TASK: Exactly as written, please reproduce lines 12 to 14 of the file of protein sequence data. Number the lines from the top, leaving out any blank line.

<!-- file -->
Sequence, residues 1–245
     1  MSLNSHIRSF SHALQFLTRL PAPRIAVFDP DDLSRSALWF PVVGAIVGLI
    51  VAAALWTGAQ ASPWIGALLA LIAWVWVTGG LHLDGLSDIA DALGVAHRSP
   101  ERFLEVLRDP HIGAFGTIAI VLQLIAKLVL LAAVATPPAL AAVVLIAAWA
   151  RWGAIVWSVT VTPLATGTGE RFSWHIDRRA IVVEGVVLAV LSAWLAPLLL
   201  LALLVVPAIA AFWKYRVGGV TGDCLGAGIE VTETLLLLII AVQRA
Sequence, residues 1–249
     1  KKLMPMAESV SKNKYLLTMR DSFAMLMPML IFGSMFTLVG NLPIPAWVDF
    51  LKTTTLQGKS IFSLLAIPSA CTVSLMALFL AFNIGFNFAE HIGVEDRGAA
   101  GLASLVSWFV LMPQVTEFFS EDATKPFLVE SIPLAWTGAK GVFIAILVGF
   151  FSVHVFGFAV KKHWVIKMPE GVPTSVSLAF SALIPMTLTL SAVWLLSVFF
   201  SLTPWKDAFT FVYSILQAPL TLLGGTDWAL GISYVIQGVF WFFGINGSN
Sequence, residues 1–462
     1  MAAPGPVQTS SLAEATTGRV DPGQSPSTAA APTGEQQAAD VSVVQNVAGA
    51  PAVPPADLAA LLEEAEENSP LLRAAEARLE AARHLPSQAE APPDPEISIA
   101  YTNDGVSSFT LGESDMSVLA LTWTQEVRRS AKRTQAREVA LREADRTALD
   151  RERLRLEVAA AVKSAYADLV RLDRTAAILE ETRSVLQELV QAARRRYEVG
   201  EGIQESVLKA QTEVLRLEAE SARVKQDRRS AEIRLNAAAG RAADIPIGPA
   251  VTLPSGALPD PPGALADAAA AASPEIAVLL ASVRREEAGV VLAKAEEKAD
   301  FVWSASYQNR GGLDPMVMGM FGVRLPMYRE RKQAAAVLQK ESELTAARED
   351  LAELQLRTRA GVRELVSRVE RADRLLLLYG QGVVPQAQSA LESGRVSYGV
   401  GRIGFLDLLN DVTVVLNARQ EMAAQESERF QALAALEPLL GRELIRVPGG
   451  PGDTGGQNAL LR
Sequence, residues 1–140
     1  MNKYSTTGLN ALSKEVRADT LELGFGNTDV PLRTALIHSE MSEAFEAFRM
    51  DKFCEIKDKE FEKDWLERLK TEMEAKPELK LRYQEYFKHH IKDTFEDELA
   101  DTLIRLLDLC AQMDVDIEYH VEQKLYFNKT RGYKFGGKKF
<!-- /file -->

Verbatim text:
   201  SLTPWKDAFT FVYSILQAPL TLLGGTDWAL GISYVIQGVF WFFGINGSN
Sequence, residues 1–462
     1  MAAPGPVQTS SLAEATTGRV DPGQSPSTAA APTGEQQAAD VSVVQNVAGA